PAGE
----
However, variation was apparent in every aspect of care, but this study was too limited to explain this variation in any detail. For example, some information was obtained about why certain delivery systems were chosen, but the factors influencing those decisions were not clear: in what situation was a syringe considered easier to use than a pen device, and vice versa?
Findings suggest that individual qualities of patients are likely to influence the devices chosen, and this area requires further study. Similarly, some patients were involved in the decisions made and others were not. Why did this variation in practice exist? Were there individual patient characteristics which indicated that patients were capable of making choices, and how much influence did the DSN have in whether patients were allowed choice?
Some DSNs felt, particularly in the case of adults with type 2 diabetes, that lack of patient awareness about insulin therapy limited the potential to allow patient choice. However, it is rare to have to start insulin urgently in this group, and so it may be possible to take things more slowly and to raise awareness and enhance patient choice before initiating insulin.
Another limitation was that the reasons for the use of different insulin regimens, and different types of insulin, were not explored. The choice of insulin is likely to be closely linked to the choice of regimen, because of the different times of action of insulin preparations.
The most common regimen was premixed, twice-daily insulin; other regimens and types of insulin were used for a number of patients in each group. Again, the decisions made may relate to the needs of individual patients, but the reasons for these choices require further study.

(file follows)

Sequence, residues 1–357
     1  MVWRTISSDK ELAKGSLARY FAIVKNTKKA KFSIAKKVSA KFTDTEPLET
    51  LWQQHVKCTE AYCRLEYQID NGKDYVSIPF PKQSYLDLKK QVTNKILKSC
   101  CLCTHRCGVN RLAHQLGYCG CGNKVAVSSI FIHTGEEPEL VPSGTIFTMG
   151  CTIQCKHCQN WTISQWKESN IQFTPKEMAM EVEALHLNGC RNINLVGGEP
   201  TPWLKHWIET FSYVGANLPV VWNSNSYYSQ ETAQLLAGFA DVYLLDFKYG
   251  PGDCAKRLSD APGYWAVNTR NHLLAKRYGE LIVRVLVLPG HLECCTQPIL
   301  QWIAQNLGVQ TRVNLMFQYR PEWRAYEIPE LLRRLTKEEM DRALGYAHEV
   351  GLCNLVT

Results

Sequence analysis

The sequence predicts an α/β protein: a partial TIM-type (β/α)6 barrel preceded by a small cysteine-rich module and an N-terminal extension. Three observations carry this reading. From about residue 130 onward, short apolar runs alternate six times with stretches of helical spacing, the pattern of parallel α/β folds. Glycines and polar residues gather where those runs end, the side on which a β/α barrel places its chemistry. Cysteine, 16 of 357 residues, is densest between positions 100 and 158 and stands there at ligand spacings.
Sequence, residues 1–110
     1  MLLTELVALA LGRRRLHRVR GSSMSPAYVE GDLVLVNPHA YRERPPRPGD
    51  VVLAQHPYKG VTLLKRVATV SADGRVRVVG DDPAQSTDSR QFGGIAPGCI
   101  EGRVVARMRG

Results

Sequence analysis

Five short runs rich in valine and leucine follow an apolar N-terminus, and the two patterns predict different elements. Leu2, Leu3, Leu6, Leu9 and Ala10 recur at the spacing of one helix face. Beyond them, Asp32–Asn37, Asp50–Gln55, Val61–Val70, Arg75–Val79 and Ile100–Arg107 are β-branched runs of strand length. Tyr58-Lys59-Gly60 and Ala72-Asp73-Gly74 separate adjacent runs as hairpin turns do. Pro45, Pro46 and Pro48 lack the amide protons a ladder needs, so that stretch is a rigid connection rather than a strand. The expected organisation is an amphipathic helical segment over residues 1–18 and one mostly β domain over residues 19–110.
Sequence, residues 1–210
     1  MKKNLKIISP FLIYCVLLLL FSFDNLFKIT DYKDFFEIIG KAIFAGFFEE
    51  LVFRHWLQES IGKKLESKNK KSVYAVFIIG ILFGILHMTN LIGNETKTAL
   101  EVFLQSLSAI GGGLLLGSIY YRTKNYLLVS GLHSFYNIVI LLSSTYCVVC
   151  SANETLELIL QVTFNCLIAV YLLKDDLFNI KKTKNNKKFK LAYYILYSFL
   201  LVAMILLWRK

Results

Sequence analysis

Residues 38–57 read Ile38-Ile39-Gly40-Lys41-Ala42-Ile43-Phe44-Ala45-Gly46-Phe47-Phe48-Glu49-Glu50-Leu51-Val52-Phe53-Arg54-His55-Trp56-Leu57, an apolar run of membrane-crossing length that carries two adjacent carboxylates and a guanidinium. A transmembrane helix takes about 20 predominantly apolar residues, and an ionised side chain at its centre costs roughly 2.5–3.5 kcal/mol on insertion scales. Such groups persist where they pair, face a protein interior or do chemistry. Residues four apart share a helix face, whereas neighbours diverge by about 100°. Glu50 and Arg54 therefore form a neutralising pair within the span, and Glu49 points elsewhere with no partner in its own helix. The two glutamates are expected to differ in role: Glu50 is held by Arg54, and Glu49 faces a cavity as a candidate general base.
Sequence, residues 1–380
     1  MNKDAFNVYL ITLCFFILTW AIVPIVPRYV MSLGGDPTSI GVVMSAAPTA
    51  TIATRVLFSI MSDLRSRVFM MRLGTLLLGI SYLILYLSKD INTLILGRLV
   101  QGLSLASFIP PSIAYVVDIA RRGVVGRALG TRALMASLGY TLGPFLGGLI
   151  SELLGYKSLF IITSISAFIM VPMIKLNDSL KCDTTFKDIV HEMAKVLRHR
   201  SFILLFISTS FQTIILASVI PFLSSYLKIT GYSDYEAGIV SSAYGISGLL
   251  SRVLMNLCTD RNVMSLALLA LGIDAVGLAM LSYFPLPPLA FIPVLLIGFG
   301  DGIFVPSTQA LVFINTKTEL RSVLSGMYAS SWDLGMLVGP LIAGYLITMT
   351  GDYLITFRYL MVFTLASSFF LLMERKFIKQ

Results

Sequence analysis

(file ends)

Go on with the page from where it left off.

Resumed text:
This study has provided considerable information about the practice of DSNs when initiating insulin, and has identified a number of areas where further study is required, including the effect of starting insulin in different venues, the use of different insulins and regimens, and the appropriateness of different delivery systems.
DSNs are likely to base their decision making on existing knowledge, experience, usual local practice and individual patient assessment, and further study of these influences would help to reveal how expertise is applied in this complex area of care. We do not currently have sufficient evidence to judge whether one method of practice is superior to another, and the variation in care identified here may or may not be related to the clinical judgments being made.
Until we can adequately describe the process whereby these decisions are reached, we are in danger of providing potentially differing standards of care to people with diabetes, and this inequity needs to be addressed. If we can add to our knowledge base in this area, we can be more confident that we really are doing the best for our patients.
Part 3 of this study, to be published in the next issue of Journal of Diabetes Nursing, will provide information on the type of follow-up received by patients in the first month of insulin therapy.